Pedernales Cellars, situated in Texas Hill Country just outside Stonewall along the Pedernales River, creates a highly complex Tempranillo. Julie Kuhlken, one of the owners, shared with us that most everything they produce is a blend. The Tempranillo could be from different vintages and different acres which adds to its complexity. What you see in your glass is a bright ruby color with cherry and tobacco on the tongue and some acidity, making it a perfect pairing with BBQ and fajitas.
Owner and President, Ron Yates, of Spicewood Vineyards, located 45 miles northwest of Austin, told us, “Tempranillo is the grape of Texas.” Some of the estate vines are 24 years old which is old for Texas wine country. Our tasters detected berry flavors—blueberries, raspberries, blackberries, and cherries. Throw in a little tobacco and leather flavor, and this is what you get in your glass. There was a smooth and rich flavor as well with a long finish. This was really an enjoyable wine.
We learned about Bending Branch Winery from Jennifer McInnis, the General Manager of this great winery named Top Texas Winery in 2018. The estate winery is located in Texas Hill Country in Comfort, Texas. Bending Branch grows a wide variety of red wines with Cabernet Sauvignon being the largest planted grape variety.
I was lucky enough to get a bottle of 2017 Tallent Vineyards Tannat. Tannat is best known being grown in the southwestern part of France in the Basque region. This Tannat was delicate compared to what Tannats are that are grown on the High Plains of Texas. It was flowery and fruity with cherry and chocolate. It was frankly quite delicious. We noticed on the label a “CM” standing for cryomaceration, a winemaking technique in which the crushed grapes are held at sub zero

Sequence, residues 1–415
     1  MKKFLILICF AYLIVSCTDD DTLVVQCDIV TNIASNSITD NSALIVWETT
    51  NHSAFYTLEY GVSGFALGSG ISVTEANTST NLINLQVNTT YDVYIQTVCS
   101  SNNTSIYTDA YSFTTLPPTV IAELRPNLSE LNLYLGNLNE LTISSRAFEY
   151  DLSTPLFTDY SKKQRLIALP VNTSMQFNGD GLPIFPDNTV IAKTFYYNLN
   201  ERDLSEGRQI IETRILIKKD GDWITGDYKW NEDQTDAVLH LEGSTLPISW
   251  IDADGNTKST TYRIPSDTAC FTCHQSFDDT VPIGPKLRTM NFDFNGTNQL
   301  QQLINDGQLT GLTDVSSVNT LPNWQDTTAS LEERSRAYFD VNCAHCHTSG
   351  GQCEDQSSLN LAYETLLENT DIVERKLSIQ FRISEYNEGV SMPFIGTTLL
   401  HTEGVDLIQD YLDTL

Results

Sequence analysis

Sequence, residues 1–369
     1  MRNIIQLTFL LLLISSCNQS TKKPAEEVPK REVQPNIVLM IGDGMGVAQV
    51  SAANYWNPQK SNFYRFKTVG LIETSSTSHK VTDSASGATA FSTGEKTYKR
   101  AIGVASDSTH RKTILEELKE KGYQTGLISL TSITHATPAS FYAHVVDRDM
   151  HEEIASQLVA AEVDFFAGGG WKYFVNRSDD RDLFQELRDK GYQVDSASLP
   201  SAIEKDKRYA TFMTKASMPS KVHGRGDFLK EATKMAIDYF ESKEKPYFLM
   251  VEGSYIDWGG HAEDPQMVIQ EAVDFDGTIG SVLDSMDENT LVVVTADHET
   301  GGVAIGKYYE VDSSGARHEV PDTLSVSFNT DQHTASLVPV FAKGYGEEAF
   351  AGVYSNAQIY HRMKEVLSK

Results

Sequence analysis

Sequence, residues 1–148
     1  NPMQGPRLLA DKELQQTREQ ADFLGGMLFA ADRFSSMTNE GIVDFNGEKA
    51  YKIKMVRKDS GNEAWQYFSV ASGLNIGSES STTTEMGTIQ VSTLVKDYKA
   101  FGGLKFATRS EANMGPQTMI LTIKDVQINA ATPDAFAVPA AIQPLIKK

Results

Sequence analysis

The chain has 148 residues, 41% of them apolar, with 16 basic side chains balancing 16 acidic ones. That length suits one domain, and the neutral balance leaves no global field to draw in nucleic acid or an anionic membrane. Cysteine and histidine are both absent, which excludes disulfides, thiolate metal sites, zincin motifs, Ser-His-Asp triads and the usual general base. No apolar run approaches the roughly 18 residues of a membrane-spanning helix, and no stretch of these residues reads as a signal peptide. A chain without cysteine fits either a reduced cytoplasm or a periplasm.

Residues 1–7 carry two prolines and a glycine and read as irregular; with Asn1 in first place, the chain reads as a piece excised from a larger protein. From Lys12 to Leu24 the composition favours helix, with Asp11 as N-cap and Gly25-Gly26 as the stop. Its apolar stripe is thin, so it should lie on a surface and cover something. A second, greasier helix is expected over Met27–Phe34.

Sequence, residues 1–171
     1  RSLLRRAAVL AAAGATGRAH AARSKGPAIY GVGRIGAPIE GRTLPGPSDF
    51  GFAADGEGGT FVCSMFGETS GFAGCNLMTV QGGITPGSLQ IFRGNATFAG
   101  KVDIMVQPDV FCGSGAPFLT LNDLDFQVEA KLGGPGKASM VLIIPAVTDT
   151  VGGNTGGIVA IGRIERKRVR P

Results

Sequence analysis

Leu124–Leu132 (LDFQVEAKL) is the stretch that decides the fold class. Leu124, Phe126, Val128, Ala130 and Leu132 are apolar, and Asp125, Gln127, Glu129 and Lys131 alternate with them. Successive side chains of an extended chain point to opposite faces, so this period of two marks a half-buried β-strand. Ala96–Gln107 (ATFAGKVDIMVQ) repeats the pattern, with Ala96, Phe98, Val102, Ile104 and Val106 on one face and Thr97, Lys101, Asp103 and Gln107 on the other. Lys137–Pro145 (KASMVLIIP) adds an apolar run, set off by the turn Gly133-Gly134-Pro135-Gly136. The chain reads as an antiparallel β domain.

temperatures in order to weaken the cellular structures in grape skins via ice crystals. It provides better rounded and well-balanced wines. They also use native yeast at Bending Branch on a good majority of their wines that adds to the flavors of the country where the grapes are grown when you sip the wine.
Bending Branch Tannat
Pack your bags and get your “inner Texan” on to enjoy the quirkiness and good times that all of Austin and the surrounding area has to offer.
As is customary in this industry, I received a bottle of the Tannat wine from Bending Branch. I have long wondered about Texas wine, and this afforded me the opportunity to taste the specialness of the area.